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Should we be worried about the new Covid-19 variant?: Experts on the latest FLiRT mutations

Covid cases are spiking across the country as new highly-contagious variants are spreading rapidly. This is what the experts have to say on the new variants.

The variants, known as FLiRT, could be be behind behind a sudden 21% rise in cases and a sharp increase in Covid cases week on week, according to experts. It is feared new strains have already become dominant after a surge in the number of people testing positive and being hospitalised.

The UK Health Security Agency (UKHSA), which prevents, prepares for and responds to infectious diseases, has issued new guidance on the variants, as people ask how these new strains compare to others. The agency says it will need more data to draw conclusions about the mutations, their transmissibility and severity - but there are some key questions the UKHSA has answered.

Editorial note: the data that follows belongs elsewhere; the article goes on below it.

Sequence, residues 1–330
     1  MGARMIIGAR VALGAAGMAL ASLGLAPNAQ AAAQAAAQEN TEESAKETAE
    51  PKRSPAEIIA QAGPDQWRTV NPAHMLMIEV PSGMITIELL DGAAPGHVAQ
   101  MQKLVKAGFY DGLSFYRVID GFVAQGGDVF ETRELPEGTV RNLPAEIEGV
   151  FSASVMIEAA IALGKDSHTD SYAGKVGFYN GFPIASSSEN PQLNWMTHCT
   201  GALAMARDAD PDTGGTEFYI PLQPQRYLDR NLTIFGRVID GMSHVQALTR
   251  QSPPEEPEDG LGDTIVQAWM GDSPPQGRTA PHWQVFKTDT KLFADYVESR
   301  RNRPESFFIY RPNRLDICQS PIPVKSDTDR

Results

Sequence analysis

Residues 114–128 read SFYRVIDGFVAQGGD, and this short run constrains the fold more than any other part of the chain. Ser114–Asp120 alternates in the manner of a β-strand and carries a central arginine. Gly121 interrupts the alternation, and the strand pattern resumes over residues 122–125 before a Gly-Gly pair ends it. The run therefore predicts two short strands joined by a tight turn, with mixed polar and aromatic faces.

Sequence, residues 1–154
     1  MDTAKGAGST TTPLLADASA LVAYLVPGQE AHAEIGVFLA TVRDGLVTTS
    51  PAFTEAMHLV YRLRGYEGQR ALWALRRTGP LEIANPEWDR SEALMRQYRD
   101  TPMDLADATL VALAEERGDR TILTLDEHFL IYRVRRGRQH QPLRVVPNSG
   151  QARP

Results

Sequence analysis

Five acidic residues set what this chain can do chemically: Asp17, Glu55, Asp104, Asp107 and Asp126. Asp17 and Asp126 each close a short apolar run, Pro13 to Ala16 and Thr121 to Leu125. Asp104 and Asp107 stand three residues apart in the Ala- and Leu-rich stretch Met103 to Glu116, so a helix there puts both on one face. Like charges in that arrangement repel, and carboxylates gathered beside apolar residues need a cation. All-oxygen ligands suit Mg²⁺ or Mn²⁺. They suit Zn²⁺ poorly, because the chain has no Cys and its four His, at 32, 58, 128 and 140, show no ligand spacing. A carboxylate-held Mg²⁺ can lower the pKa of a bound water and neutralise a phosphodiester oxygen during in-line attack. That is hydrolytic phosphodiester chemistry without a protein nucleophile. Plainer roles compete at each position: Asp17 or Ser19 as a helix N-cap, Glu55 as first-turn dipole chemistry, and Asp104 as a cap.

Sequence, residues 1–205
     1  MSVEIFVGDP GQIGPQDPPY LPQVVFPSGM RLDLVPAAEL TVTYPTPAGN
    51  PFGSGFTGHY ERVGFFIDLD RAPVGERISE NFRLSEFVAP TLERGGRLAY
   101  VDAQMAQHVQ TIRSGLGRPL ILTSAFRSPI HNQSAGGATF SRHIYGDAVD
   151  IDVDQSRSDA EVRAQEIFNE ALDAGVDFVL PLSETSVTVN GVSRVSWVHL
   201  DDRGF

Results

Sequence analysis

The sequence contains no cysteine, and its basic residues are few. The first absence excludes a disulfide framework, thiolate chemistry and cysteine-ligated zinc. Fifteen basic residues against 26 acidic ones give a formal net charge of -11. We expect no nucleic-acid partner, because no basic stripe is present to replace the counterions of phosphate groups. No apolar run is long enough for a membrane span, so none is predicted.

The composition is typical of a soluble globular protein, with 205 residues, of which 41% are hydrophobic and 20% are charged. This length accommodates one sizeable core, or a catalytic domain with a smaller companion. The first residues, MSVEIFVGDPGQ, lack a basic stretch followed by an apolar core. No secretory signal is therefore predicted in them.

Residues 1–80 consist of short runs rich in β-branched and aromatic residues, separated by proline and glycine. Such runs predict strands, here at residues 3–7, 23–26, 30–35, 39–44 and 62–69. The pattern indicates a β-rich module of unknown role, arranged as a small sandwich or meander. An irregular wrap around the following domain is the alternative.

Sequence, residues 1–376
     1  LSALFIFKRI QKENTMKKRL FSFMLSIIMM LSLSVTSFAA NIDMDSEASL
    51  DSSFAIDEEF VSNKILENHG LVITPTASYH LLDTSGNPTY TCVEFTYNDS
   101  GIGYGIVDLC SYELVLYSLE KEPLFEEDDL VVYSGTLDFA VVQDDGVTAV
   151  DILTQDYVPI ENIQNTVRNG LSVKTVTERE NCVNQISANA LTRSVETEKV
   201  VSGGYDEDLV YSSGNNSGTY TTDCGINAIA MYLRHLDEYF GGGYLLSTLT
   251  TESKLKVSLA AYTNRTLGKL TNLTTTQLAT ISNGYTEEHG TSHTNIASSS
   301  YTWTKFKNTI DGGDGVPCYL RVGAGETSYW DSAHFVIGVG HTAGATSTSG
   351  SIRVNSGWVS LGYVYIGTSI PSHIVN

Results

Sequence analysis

Those questions include what people should do if they become unwell, and if they are unsure if they have Covid-19.

READ MORE: All the latest Covid symptoms as new FLiRT variants hit UK

Three new FLiRT strains, KP. 1.1, KP. 3 and KP. 2 now account for 40% of all cases in the UK. Figures were last updated at the end of April, meaning the strain could now be responsible for more than 50% of all cases and be dominant in the UK. The latest numbers from the UKHSA show a 21.2% week-on-week increase in Covid cases in England, 106 new deaths and a 73% increase in patients admitted to hospital with Covid.

The mutation behind these new variants developed from the JN. 1 strain, which was known as Pirola or Juno. The new mutations are referred to by the unofficial nickname FLiRT, representing the replacement of a previous mutation in the virus - F has been replaced with L, and R with T.

In a blog post published on May 13,